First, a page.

The Mid-Autumn Festival: Mooncakes, Lanterns and Family

Beijing Longtan Lake Mid-Autumn Festival Lantern Festival. By Shizhao - Own work, CC BY-SA 2.5,

Of all the Chinese festivals, I love the Mooncake/Mid-Autumn Festival the most. Right after the scary Hungry Ghost Festival or Ghost Month, it is a lovely festival celebrating family gatherings, enjoying sweet mooncakes and admiring the full moon. Happy childhood memories are filled with beautiful lanterns, playing with candles and nibbling on lotus bean paste mooncakes. These days, where I live, Mooncake Festival preparations start even before the festival itself. Mooncakes appear in the supermarkets and restaurants, diverse and with many flavours. Mooncake fans are spoilt for choice!


Harvest Origins

A harvest festival, the Mid-Autumn Festival is celebrated by Asians and the Asian diaspora, for example the Chinese and the Vietnamese. Other Asian cultures have their own harvest festivals too like Tsukimi and Chuseok. It usually falls on the 15th day of the 8th month of the lunar calendar. The 15th day is always the full moon. The festival falls between late September to early October.

Double-yolk mooncake. By SoHome Jacaranda Lilau, CC BY-SA 4.0.
Double-yolk mooncake. By SoHome Jacaranda Lilau. CC BY-SA 4.0

Mooncakes, Mooooncakes!

Mooncakes! Mention Mid-Autumn Festival and you immediately think of mooncakes. Mooncakes are sweet rich baked pastry filled with red bean or lotus bean paste. Depending on which part of China you hail from, mooncakes come in various flavours, though the most common flavour you see being sold in the markets is Cantonese (Southern Chinese). The shape is often round or circular, symbolising family togetherness and reunion. The fillings are mostly sweet, but they could be savoury or made of minced meat as well.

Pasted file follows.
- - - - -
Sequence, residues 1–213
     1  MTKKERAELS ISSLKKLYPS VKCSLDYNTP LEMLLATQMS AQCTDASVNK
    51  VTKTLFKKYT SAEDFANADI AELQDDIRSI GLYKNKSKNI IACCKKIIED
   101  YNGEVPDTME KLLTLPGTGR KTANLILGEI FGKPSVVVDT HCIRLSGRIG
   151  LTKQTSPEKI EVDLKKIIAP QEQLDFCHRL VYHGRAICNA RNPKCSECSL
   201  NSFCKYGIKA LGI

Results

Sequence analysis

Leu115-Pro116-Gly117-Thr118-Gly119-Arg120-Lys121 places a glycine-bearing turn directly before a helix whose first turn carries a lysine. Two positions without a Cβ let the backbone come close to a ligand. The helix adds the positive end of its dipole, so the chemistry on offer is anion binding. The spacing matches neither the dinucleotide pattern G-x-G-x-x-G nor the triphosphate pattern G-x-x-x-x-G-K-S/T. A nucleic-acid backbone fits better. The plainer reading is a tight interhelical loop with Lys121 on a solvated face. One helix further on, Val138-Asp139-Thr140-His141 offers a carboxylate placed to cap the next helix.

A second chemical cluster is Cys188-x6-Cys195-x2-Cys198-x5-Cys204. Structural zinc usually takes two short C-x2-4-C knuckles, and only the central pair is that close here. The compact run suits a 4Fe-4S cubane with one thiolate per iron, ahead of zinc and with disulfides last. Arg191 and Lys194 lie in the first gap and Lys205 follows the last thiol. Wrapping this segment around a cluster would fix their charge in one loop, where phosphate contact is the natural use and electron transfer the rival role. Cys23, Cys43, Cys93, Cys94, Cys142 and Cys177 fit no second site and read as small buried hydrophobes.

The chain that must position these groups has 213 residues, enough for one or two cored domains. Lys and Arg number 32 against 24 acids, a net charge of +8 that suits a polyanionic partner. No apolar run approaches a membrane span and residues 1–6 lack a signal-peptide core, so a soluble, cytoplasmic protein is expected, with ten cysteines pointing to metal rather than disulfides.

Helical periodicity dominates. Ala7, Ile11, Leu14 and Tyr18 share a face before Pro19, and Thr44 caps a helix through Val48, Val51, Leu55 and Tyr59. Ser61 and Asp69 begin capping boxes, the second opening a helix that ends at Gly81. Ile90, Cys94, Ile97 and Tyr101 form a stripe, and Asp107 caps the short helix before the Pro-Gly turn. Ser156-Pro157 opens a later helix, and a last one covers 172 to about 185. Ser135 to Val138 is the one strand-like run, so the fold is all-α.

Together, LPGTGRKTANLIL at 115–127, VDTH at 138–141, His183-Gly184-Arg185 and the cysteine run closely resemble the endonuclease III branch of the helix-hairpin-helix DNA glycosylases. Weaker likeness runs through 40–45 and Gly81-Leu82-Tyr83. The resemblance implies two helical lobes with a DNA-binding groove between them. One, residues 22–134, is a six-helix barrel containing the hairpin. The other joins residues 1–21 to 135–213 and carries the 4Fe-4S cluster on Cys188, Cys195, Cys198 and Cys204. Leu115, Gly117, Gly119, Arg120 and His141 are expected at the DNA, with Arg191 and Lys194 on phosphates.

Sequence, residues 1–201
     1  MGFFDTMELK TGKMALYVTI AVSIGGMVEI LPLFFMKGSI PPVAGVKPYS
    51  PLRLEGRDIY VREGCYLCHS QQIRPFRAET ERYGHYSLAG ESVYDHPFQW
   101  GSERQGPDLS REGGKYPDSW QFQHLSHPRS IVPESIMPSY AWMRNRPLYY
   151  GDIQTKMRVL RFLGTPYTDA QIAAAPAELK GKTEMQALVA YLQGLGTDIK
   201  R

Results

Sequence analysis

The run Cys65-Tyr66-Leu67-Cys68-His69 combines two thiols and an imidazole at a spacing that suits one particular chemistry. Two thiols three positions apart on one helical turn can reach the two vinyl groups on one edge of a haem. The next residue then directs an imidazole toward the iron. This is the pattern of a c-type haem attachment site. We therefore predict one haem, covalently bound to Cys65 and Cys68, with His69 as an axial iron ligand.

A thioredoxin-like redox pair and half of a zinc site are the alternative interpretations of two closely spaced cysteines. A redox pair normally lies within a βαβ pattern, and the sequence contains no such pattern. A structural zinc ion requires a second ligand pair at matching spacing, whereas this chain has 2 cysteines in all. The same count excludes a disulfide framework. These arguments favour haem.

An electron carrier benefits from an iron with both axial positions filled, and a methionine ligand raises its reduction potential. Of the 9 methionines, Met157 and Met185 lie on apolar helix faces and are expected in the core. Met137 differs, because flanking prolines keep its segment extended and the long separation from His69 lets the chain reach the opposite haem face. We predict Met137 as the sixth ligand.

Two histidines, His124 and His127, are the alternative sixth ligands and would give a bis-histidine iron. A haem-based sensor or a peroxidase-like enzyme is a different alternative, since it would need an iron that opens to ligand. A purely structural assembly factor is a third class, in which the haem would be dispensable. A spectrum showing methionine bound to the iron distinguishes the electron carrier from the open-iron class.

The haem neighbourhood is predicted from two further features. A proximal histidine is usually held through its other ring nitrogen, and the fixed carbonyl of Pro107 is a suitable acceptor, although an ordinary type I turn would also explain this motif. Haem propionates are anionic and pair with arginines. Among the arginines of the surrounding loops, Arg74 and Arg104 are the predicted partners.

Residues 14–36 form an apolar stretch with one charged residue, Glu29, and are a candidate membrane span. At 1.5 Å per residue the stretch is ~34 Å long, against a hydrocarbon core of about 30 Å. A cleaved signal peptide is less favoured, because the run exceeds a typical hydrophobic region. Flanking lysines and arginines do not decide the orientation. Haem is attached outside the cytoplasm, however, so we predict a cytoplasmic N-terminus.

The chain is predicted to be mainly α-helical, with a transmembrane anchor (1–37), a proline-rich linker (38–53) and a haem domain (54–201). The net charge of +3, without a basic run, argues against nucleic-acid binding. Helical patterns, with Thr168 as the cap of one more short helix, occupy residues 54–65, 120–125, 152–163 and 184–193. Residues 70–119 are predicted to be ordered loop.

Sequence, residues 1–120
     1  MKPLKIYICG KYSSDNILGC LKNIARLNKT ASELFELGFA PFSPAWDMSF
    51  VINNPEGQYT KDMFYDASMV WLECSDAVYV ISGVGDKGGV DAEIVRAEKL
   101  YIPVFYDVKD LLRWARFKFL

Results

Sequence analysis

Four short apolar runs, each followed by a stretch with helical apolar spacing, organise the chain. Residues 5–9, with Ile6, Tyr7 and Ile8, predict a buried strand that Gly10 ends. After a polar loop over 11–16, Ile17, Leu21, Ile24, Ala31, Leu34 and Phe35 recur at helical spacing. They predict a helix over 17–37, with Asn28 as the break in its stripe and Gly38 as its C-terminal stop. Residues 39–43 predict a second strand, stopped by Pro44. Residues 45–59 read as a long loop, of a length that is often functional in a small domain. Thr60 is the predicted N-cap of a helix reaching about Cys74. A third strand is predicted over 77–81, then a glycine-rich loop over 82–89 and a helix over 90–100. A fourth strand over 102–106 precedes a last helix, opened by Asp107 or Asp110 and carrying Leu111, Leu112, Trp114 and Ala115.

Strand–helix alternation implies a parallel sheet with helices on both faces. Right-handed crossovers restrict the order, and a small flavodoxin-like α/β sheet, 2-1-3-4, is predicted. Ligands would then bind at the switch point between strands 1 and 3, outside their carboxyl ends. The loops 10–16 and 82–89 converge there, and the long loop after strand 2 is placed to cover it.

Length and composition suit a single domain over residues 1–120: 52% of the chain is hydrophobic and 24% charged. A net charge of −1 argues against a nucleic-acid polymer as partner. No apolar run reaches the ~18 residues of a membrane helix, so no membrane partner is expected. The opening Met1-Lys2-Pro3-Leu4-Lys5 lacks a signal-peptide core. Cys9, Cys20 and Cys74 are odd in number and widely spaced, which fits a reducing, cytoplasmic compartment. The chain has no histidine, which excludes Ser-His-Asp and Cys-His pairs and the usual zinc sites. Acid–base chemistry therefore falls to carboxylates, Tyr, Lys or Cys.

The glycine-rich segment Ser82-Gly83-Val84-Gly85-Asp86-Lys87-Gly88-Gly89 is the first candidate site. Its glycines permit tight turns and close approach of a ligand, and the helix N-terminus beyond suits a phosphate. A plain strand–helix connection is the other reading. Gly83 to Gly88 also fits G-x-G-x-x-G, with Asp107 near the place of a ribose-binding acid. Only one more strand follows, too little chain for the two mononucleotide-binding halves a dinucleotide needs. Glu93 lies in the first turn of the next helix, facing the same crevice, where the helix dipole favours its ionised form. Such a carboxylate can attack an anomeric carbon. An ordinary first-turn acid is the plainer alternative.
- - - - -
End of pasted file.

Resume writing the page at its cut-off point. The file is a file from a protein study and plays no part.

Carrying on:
Cantonese mooncakes are not the only delicious mooncakes available for sale during the season. You get Hokkien mooncakes with seeds and orange peel, Filipino hopia filled with mung bean, Teochew and Shanghainese ones with crusty pastry. Some are even savoury with minced meat! My personal favourite is the Cantonese mooncake with a rich salted egg yolk right in the middle of the pastry. Sometimes, you get four salted egg yolks. Traditional mooncake makers will stamp the top of the mooncake with Chinese characters indicating various flavours: single-yolk, double-yolk, lotus bean paste etc.

People living in Southeast Asia, especially Singapore and Malaysia, also enjoy baked pastry in the form of piglets. Everyone knows that Mid-Autumn Festival is on its way when they see clusters of these pastry piglets in colourful plastic baskets hanging at local bakery shops. Sometimes, the piglets start appearing way before the festival, even right smack in the middle of the Ghost Month! Now, besides the piglets, there are also carp and butterflies. These delicious pastries are either eaten plain or filled with mung bean paste. I used to collect the plastic baskets as a fun way to see how many pastry piglets I’d eaten!

Piglets in pretty baskets. By Sengkang, source.
Piglets in pretty baskets. By Sengkang. Source

Lanterns Galore, Oh Mine!

Mid-Autumn Festival will not be Mid-Autumn Festival if you forget lanterns. The festival is also called Lantern Festival (sharing the same name with the festival celebrating the end of the Lunar New Year). Kids (and adults) love lanterns. They could be made of colourful cellophane paper and crafted into many shapes. Dragons, phoenixes, chicken, goldfish and even dinosaurs. These days lanterns have become more newfangled. You get LED lanterns and plastic lanterns, using LED lights and light bulbs.  There are even musical ones with flashing lights. Lantern makers follow trends too. You get Godzilla, Superman, Batman and even all the Avengers. The crepe paper lanterns with simple floral designs are beloved too. Hung in a row across the balcony or strung between trees, they glow in the darkness, a wonderful accompaniment to tea drinking and the savouring of mooncakes.